Many insurance analysts are predicting the innovation that will radically change the industry will come from new entrants that seek to disrupt how existing products are sold and serviced, and to create new products by leveraging emerging technologies.
Blockchain sits atop this new technology list. Most agree that its disruptive potential is significant, as evidenced by how much attention the big banks are giving it. Although unlikely to have a material impact across the insurance sector for several years still, it is something all insurance professionals probably want to familiarize themselves with. Here is a brief overview.
Blockchain is a distributed digital ledger technology. Said another way, it is a technology that records transactions between parties on a decentralized, extremely secure network and provides an immutable record and audit trail of an agreement. Each “block” represents a legally valid record of a transaction or contract. A “chain” of information blocks is constructed with each new transaction added, one that is virtually impossible to modify. You may have heard of the digital currency Bitcoin. Blockchain is the underlying technology on which Bitcoin operates.
Although the insurance industry lags behind banking in technology adoption, it is nevertheless well positioned to benefit from blockchain. There is wide-ranging potential for efficiency gains and accuracy improvements, including automating policyholder validation and coverage verification, straight-through claim processing (FNOL is a likely starting point), and automatically triggering payout to an insured when a smart contract is in use. Generally, if transactions involve multiple parties and require not only the assurance of an intermediary but also a precise and unalterable date and time record, blockchain can be a powerful solution.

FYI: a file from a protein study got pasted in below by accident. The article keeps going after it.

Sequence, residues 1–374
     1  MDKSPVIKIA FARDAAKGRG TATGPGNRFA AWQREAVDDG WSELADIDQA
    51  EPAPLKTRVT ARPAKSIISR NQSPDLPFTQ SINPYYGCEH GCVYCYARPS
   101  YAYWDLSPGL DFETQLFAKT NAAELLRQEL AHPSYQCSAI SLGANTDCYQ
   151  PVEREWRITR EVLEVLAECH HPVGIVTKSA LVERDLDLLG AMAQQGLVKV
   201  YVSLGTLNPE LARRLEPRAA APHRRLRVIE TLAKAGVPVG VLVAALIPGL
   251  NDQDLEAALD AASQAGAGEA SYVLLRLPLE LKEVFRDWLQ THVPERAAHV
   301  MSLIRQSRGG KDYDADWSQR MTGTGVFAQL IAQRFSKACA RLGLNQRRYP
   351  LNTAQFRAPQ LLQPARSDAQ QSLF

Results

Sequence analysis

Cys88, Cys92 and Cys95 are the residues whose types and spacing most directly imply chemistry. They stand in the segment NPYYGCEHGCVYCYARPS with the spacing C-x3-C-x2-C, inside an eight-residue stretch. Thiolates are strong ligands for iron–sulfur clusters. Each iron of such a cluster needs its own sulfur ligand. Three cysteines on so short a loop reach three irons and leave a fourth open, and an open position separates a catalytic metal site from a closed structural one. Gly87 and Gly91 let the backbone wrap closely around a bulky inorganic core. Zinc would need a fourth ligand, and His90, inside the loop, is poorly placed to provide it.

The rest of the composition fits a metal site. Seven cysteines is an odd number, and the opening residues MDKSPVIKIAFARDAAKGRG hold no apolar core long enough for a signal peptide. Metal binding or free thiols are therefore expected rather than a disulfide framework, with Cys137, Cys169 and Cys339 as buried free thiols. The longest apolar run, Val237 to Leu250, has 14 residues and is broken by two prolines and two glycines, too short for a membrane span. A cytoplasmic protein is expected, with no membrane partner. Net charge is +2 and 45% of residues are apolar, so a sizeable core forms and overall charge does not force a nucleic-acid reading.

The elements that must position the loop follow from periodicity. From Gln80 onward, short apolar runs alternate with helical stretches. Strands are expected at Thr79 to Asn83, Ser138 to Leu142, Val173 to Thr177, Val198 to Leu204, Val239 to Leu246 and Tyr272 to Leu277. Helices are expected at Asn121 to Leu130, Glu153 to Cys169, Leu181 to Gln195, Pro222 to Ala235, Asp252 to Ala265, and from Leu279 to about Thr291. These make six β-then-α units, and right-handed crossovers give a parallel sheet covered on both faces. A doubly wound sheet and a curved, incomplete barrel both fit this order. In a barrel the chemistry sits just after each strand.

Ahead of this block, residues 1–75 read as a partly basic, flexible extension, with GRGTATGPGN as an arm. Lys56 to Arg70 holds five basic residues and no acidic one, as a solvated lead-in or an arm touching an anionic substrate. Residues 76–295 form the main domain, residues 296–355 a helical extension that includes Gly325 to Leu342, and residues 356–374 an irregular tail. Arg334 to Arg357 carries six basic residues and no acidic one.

Blockchain also introduces something that insurance agencies aren’t very fond of — disintermediation (at least for some products). For example, a decentralized consortium of insurance carriers that manages all of its transactions online could eliminate the need for intermediaries on less complex coverages such as auto insurance or other mass-marketed products. In these environments, insurance entities could directly access and use things such as blockchain-registered property titles and blockchain e-identification cards to make decisions and execute transactions without the need for notaries, lawyers or brokers. And yes, all this does depend on regulators having to develop new ways to oversee self-governed networks where no central entity has responsibility for its functioning. Not a trivial task.
Blockchain can be useful as well in situations where the parties involved in transactions have conflicting interests, retroactive manipulation of transaction data is a risk, multiple uses of the same asset occurs, and no central trusted authority is available or wanted. Think music distribution and the opportunity blockchain now offers artists to own and control their content and be paid directly for their music.
The implications for decentralized ledger technology in a transaction-intensive industry like insurance are substantial. Simplifying the claims process, reducing high premiums, helping insurers create niche coverages, benefitting insureds who live in catastrophe or ultra-poor regions, the list goes on. It translates into very real possibilities to transition new and existing models of insurance into the digital age. Something at least to keep an eye on.